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A Special Guest Infact.

18 April 2013

Today, we bring a special Guest Infact from a dear friend who yesterday celebrated her first anniversary, a whole year without drinking. A year of recovery. I’ve been privileged to be a part of it, and I encouraged her to share it here. I hope you’ll read her incredible story. AA works. Here’s the proof:

What it was like, what happened, and what it’s like now.

What it’s like now is a whole lot better than what it was like on this day a year ago. There aren’t words to express how much gratitude—and amazement—I have at the changes that have happened in my life in the last year. I am a sober alcoholic, sober for one year, as of today. It is easy for me now to share my story in the rooms of Alcoholics Anonymous, because I do that four, five, six times a week. The heart of the program, the community, is one alcoholic talking to another alcoholic about things we understand that most other people don’t understand. We don’t lecture, or demand, or scold, or command. We share our stories. In the vocabulary of A.A., we say that we share our experience, strength, and hope, following the general format of what it was like, what happened, and what it’s like now.

It is easy now for me to speak in a room of alcoholics, but it is not easy for me to write to you, all of you out there, who may or may not know me. Very often, when someone sits down to speak at a meeting, to lead the meeting with their story, the speaker will confess that it is nerve wracking to be sitting in front of the room, that they don’t know what is going to come out of their mouth, and that they hope something they say will be of use. And then many of us will quiet the nerves by taking a deep breath and repeating the format like a comforting mantra. What it was like, what happened, and what it’s like now.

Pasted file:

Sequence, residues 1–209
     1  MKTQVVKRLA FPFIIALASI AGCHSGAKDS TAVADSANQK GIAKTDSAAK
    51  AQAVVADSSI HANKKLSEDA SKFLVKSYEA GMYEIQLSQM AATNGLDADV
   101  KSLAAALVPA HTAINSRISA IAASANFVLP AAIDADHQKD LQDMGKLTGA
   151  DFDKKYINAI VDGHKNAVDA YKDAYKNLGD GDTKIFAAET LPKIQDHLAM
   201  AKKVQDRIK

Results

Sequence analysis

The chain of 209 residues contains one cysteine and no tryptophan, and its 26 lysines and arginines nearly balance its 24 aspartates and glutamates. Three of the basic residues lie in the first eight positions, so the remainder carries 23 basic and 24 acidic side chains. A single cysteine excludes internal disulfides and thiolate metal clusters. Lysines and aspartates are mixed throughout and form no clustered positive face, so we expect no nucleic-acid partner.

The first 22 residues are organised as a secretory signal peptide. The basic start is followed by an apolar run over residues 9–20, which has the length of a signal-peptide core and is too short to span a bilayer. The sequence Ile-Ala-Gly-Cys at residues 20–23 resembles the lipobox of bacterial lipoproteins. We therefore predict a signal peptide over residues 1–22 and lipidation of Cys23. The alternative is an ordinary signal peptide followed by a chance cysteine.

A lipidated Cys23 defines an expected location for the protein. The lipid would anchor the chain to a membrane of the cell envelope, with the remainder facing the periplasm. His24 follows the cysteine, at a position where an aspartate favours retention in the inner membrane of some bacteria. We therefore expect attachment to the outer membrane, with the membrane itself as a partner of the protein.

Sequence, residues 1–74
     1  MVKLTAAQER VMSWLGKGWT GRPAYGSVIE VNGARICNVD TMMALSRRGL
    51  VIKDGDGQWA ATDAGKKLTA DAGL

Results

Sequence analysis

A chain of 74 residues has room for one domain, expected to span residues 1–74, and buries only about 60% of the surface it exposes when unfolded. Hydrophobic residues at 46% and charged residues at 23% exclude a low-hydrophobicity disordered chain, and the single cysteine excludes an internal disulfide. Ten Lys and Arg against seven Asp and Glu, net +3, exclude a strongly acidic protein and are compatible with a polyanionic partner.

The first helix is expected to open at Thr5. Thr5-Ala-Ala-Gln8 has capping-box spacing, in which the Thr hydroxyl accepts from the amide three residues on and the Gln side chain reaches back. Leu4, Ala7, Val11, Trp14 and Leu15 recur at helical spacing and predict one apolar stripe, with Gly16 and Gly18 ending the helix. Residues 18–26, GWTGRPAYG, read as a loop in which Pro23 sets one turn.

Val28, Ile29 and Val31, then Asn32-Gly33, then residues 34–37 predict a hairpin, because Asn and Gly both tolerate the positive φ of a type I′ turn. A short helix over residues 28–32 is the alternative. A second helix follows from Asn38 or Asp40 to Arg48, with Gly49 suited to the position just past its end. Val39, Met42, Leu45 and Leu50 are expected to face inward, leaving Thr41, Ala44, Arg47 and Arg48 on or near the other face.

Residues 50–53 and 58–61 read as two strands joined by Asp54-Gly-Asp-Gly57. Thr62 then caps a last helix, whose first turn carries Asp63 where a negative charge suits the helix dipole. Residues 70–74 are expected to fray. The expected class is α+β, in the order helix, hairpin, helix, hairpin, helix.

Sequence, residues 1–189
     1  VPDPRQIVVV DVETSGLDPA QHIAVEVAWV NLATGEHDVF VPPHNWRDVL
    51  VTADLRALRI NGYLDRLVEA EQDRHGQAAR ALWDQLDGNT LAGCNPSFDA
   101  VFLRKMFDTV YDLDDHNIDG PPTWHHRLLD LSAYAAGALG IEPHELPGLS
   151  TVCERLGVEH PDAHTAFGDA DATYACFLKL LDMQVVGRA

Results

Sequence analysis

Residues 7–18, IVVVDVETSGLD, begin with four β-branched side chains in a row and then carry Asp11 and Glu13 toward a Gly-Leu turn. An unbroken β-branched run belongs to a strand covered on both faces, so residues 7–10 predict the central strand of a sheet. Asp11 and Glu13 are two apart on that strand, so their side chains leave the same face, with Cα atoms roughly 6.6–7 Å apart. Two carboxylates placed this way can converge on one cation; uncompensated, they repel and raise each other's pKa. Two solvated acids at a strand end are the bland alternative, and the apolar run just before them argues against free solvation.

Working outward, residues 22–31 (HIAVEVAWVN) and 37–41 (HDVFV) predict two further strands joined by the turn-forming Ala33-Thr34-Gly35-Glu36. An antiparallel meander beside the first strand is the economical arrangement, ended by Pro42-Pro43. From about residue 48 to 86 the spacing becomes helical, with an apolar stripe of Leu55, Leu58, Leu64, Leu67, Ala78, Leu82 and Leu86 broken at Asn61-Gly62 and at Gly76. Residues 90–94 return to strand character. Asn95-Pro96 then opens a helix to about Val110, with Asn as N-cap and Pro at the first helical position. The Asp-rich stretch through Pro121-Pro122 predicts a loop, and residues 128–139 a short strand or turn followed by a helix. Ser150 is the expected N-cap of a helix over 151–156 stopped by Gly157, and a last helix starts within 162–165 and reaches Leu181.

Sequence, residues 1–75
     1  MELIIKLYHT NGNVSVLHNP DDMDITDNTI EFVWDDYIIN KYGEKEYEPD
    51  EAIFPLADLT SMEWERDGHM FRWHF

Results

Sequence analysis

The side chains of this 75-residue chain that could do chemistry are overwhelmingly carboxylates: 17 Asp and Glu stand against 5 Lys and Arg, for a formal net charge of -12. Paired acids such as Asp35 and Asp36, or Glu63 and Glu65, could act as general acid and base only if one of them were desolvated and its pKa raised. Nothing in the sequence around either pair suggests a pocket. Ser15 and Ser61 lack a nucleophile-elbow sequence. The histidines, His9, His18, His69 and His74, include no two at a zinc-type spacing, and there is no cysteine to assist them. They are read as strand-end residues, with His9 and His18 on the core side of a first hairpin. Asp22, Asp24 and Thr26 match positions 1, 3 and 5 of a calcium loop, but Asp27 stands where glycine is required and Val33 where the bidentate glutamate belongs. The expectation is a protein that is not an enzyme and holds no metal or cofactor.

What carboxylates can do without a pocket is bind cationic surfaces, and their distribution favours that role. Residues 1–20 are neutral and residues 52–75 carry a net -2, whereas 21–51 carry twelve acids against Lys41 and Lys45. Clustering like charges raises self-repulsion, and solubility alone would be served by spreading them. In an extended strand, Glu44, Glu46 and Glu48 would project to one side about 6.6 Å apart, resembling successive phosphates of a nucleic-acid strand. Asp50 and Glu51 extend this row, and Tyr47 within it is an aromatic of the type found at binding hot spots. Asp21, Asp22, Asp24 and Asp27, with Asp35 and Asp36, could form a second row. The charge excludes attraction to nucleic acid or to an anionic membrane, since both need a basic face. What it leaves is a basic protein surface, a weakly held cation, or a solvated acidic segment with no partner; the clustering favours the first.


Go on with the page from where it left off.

I started drinking when I was fifteen years old. I didn’t grow up in a drinking household. My mom didn’t drink at all. My dad drank occasionally and moderately. To this day, I’ve never seen either of my parents drunk. My mother warned me from a young age that there was alcoholism in the family and that I should be careful. I didn’t see anyone in the family who drank, and I suspected she might be exaggerating. When I was old enough to ask her who the alcoholics were, I didn’t necessarily agree with her assessment about what constituted problem drinking. Her assessment was pretty much textbook and correct. There is a body count associated with the drinking in my extended family.

I was an awkward, shy, isolating kid. I got bullied a lot. It sucked a lot. There was a lot of pain and fear at home because sometimes the gears of a family don’t move smoothly. There were happy times, but in the difficult times, in the soul crushing times, there was little or no relief. When my parents divorced, it was like an icy cloud lifting. That was just before high school. I made a friend who was new to our little town, liked me for some reason, and was one of the cool kids. She taught me how to be in the world. She and I are still friends, and I owe her more than she knows.

Through high school, I worked hard enough at school, but not as hard as I could have. I had two jobs—the same two jobs—through high school and until I went to college. I went to church, which was a requirement in my family. I took care of my younger sister. I was responsible. On the other hand, I partied a lot. I did plenty of things I shouldn’t have done. I was hungover in church or at work on the weekends on a fairly regular basis. But I showed up and didn’t raise any alarms. I was more functional than most of my friends.

College was a different story. I drank my way out of my first year of college. There were blackouts. There were embarrassments. There was a lot of fun, but there were also consequences. Looking back now, I believe I was an alcoholic by the time I was 19. An unusual set of family circumstances involving a death and a couple of births catapulted me into adulthood, and I embraced it. I drank very rarely for most of the following decade, and those were good years. In retrospect, when I did drink, there were times when I drank more than I had intended, which is a warning sign for alcoholism. I was wary, and felt guilty when I felt I had had too much to drink. Another way to put that is that I was managing my drinking, which is another warning sign. In all likelihood, the problem was always there.